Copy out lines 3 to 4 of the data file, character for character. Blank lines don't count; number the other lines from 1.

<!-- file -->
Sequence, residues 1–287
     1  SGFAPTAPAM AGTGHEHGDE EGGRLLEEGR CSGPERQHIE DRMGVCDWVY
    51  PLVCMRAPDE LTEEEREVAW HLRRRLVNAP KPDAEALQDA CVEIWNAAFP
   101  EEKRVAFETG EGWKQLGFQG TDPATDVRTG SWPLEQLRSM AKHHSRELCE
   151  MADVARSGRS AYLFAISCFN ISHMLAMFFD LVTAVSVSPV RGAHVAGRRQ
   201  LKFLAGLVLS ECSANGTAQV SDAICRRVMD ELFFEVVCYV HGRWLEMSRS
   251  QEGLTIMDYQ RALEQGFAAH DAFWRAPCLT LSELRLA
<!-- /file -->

    51  PLVCMRAPDE LTEEEREVAW HLRRRLVNAP KPDAEALQDA CVEIWNAAFP
   101  EEKRVAFETG EGWKQLGFQG TDPATDVRTG SWPLEQLRSM AKHHSRELCE